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    How Londoners Came Together To Show They're Not Afraid Of Terrorists

    Hundreds gathered in Potters Fields Park on Monday evening for a vigil honouring the victims of the terror attacks on London Bridge.

    Hundreds gathered in Potters Fields Park on Monday evening for a vigil to remember the seven people who were killed in the London Bridge terror attack, many holding banners bearing the words "We Love London", "We Are Not Afraid", and "We Stand Together".

    London mayor Sadiq Khan, who led the vigil, invited all Londoners and visitors of the city to pay their respects and remember those who had lost their lives. He was joined by joined by the Archbishop of Canterbury, politicians including home secretary Amber Rudd and Diane Abbott, senior representatives of the emergency services, and community leaders.

    The vigil took place beside the river, a short distance from the location of the attack. Addressing the crowd Khan, London's first Muslim mayor, said he wanted to send a clear message to the "sick and evil extremists who commit these hideous crimes".

    "We will defeat you. You will not win," he said. "And as a proud, patriotic British Muslim I say this: You do not commit these disgusting acts in my name."

    The vigil ended with a minute's silence in solidarity with the victims and their families. Afterwards, floral tributes were laid at the flagpole outside City Hall.

    Imam Noor Hadi told BuzzFeed News that despite no longer living in London, the attack had affected him greatly. He said he had travelled for more than an hour from Hampshire to be at the vigil and show solidarity.

    Like many other Muslims who attended the vigil, he wore a T-shirt with '#IAmAMuslim' written on the front. "The reason I came here today is because I felt devastated when I heard what happened, and I was so hurt by it. I was born and raised in London, London is my home," he said.

    "These perpetrators do not represent Islam whatsoever... we shouldn't be apologetic towards these Muslims because they are not Muslims". He pointed to a small section of his T-shirt, which had the words 'Love for all, hatred for none', adding: "In essence this is what Islam teaches."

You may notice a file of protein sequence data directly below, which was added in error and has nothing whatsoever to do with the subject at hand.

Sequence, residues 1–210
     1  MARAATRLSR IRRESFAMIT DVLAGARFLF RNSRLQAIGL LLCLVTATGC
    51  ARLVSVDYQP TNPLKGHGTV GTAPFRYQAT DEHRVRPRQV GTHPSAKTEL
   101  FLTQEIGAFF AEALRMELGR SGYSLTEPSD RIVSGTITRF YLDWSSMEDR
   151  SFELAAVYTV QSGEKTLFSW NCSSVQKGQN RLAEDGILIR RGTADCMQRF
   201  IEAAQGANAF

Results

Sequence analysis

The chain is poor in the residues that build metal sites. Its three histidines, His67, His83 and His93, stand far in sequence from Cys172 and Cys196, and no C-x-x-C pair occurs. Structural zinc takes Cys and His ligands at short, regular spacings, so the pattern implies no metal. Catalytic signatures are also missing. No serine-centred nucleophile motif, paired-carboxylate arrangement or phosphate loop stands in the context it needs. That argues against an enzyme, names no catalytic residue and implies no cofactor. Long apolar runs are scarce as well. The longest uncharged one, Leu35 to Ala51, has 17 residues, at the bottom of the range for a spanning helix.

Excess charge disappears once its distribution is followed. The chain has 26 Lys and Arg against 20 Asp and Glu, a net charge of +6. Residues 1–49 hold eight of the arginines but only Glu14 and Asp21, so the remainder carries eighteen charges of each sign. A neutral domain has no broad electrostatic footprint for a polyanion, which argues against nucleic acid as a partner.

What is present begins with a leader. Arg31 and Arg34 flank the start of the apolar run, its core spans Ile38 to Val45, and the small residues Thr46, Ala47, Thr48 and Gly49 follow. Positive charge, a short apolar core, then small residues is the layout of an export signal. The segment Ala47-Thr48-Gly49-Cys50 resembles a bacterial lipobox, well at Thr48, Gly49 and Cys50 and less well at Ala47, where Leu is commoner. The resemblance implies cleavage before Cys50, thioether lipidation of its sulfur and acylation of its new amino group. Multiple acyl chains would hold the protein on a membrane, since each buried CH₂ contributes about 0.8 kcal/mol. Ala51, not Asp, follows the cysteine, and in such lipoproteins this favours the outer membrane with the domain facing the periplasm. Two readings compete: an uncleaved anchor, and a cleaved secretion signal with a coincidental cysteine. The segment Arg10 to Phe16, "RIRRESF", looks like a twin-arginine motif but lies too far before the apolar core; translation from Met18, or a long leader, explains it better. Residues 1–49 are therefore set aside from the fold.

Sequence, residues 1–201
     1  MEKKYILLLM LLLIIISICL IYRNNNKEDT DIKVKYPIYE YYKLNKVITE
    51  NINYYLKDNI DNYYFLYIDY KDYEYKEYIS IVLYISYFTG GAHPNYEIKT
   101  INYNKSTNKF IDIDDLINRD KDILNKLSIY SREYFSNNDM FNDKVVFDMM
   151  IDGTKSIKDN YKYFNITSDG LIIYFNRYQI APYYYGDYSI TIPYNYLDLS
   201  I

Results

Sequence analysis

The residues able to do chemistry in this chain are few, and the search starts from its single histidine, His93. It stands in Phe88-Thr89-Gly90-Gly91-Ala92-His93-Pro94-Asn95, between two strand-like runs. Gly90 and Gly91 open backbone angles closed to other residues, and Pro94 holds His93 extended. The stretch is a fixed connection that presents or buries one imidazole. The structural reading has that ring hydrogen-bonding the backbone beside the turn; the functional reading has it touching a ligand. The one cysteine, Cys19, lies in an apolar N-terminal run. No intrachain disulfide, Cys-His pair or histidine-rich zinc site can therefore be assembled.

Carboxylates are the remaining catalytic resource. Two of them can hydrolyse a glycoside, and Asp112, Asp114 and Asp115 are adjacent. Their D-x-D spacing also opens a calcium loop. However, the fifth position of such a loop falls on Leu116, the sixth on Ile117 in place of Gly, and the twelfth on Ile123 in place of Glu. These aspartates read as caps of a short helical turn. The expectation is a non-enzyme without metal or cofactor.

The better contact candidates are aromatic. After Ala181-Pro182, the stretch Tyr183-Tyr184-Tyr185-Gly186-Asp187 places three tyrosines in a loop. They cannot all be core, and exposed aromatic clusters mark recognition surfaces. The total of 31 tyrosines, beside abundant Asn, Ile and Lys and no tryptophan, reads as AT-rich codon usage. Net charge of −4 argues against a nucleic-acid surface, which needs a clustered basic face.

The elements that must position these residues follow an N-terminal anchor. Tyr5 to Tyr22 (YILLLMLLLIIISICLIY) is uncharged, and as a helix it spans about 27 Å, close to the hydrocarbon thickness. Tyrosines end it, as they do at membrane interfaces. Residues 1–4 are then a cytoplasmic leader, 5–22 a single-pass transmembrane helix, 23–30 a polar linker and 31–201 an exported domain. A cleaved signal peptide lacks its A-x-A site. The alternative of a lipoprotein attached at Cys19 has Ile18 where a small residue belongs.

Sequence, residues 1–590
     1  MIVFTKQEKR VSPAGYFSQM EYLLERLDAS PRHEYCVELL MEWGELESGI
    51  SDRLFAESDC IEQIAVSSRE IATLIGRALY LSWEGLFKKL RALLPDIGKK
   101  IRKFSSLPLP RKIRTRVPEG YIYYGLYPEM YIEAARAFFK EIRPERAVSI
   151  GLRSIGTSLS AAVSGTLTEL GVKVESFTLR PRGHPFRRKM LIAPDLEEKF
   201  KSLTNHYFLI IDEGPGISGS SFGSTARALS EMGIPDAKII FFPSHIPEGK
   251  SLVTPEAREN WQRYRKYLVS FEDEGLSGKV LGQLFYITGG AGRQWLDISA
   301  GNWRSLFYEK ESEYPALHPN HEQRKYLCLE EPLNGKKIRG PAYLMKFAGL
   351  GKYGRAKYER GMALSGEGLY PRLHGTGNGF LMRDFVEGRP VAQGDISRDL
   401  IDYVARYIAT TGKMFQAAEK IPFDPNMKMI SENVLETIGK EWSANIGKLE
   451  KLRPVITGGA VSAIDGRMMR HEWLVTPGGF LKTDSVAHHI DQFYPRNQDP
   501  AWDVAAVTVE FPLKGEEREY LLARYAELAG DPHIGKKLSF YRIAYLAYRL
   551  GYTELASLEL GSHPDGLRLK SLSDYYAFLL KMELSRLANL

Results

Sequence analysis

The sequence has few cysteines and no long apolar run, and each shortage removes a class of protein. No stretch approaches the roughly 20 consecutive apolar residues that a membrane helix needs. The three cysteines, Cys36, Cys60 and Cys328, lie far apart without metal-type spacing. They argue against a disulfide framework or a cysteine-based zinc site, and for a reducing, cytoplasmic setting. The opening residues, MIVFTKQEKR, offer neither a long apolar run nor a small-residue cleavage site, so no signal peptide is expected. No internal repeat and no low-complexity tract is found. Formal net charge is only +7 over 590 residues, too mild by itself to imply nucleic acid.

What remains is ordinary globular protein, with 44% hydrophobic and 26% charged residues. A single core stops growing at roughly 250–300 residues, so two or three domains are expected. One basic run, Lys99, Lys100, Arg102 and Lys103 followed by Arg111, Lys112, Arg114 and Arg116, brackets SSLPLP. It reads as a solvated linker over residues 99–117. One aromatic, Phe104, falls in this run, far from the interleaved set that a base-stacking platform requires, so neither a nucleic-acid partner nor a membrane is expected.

Two Londoners, Yasmin Dean and Holly Harrison, came to the vigil with a group of friends to pay their respects to the victims and their families. They told BuzzFeed News they wanted to stand up to terrorism. "I don't want to give into the fear that they want us to feel," Dean said. "This is the city we were brought up in, it's really sad."

    "They want us to stay in and never go out," Harrison added. "But it's so important to stand up to terrorist and show them that we're not afraid."

    After the vigil ended, despite pouring down with rain, Londoners and visitors gathered under a tree to light candles and sing songs.

    Ademinda, who was raised in New Zealand, but has lived in London for five years, also said she believed it was important to show the world that we're not afraid.

    She told BuzzFeed News she found out about the vigil last minute, but she felt it was important for her to attend. "I wanted to show unity and support," she said holding a sign bearing the words 'Choose Love'. "I think it's amazing how people always seem to come together at times like this."

    Arslan Rana came to show his support at the vigil, along with his friends from the Ahmadi Cycling Club.

    Rana told BuzzFeed News the attack happened very close to the university he attends, which he said made it even more terrifying, but the solidarity of Londoners shows that terrorism won't win.

    "Things are pretty normal here in London, it's a very integrated society, and people are very close together, we're not going to let something like this get in the way of that," he said.

    "There are a lot of people here, and I think it goes to show even though these terrorists are trying to change our way of life, the fact that people from all walks of life are coming together shows that terrorism will be defeated," Rana added.